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Atlantic Council Becomes 100th Member

Hosts Roundtable with Dr. Susan Mboya on Women, Water and Youth Empowerment

On May 21, 2015, the Atlantic Council joined the U.S. Water Partnership in hosting Dr. Susan Mboya, President, The Coca-Cola Africa Foundation (TCCAF) for a discussion with partners on water, women and youth empowerment.

“Creating solutions to the current and developing global water challenges is vital to security, peace, and prosperity for the twenty-first century,” said Mr. Frederick Kempe, President and CEO, Atlantic Council. “The Atlantic Council is delighted to join so many leading government agencies, businesses, universities, NGOs and think tanks in pooling vital intellectual and logistical resources for tackling the world’s mounting water-related issues.”

The Atlantic Council’s significant expertise and resources will enhance the public-private partnership (PPP) platform to develop solutions that unlock the economic potential of Africa’s emerging middle class. This growing sector will be powered by women and youth. For example, over the next 15 years approximately 370 million youth will enter the labor market in Sub-Saharan Africa and 65 million in North Africa.

Dr. Mboya said, “No single organization can do this alone. The Coca-Cola Company is looking at how to reach scale more quickly by leveraging the diverse strengths and capabilities of partners in the Golden Triangle, which includes business, civil society and government.” She underscored TCCAF’s support of significant activities on water, women and youth empowerment in Africa focused on three catalytic platforms, which include:

  • The Replenish Africa Initiative (RAIN) is building on the success of delivering safe water access to two million people by 2015 and TCCAF is increasing its commitment to reach six million people by 2020.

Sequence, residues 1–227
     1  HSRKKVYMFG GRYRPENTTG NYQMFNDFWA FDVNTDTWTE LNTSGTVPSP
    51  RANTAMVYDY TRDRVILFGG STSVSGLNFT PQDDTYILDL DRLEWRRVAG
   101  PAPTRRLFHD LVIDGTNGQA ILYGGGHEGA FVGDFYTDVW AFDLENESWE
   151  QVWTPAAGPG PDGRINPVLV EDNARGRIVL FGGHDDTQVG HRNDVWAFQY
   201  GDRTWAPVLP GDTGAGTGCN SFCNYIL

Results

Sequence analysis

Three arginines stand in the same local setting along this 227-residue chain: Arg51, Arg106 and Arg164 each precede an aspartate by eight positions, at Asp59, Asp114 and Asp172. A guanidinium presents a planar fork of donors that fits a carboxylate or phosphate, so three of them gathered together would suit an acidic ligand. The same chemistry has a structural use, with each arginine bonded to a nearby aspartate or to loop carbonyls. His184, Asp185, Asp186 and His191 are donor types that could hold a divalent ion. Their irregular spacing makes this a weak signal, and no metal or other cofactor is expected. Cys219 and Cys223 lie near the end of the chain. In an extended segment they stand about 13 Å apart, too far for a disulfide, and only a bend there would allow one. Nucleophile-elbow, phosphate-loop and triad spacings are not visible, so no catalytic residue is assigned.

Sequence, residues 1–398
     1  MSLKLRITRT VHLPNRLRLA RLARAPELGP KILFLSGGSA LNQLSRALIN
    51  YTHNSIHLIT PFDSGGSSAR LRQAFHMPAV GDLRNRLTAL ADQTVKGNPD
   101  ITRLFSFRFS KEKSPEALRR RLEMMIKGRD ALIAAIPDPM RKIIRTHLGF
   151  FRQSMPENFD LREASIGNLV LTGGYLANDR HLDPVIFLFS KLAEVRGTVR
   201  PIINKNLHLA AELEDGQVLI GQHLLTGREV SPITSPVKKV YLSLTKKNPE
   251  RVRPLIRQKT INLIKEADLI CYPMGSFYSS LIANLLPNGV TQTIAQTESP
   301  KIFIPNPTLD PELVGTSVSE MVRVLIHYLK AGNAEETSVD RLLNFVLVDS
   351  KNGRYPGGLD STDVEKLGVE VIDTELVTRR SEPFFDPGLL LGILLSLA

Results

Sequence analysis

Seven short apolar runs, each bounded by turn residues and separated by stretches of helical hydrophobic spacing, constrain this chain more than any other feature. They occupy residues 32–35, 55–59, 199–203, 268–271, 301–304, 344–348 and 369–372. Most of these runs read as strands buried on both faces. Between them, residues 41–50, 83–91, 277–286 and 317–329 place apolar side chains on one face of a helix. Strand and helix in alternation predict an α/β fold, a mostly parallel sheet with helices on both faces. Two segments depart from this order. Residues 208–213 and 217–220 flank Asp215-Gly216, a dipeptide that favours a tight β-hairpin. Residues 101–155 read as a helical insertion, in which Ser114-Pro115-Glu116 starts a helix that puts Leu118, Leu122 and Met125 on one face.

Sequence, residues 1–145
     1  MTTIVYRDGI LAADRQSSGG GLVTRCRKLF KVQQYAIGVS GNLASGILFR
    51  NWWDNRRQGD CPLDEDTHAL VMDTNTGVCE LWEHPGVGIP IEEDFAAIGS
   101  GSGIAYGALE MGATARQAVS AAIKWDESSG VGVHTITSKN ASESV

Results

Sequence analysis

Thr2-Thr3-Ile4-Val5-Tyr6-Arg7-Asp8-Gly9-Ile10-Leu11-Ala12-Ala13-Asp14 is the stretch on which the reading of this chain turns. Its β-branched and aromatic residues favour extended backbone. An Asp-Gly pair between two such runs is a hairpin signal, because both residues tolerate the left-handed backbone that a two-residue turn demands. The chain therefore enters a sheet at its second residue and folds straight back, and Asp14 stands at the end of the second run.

• The 5by20 initiative will enable the economic empowerment of five million women entrepreneurs by 2020.
  • The Youth Empowered for Success (Y.E.S.!) is TCCAF’s newest initiative, which will focus on empowering over two million youth by 2020 and beyond.

General William “Kip” Ward (retired), Former Commander, AFRICOM, agreed that women are central in the collection, production, consumption, and distribution of water. He emphasized that successful initiatives will require committed leaders, and this is a potential role the U.S. can play.

Ms. Sherri Goodman, CEO, Consortium for Ocean Leadership, reinforced the need for a collective action to address global water challenges and all sectors should asses what each could bring to the table.

The Honorable Constance Berry Newman, Special Counsel for African Affairs, Carmen Group spoke on the significance of PPPs and the importance of designing PPPs so all parties and the environment benefit.

“Enabling access to affordable and plentiful clean water is a particular challenge for developing nations around the world but especially in Africa, affecting everything from economic productivity to education to gender equity,” concluded Dr. Peter J. Pham, Director, Africa Center, Atlantic Council. “The Atlantic Council looks forward to leveraging our resources and expertise to contribute to tackling this important challenge together with other USWP members.”

To learn more about potential collaboration opportunities with the Atlantic Council, please email Marc Dettmann with the USWP Secretariat at

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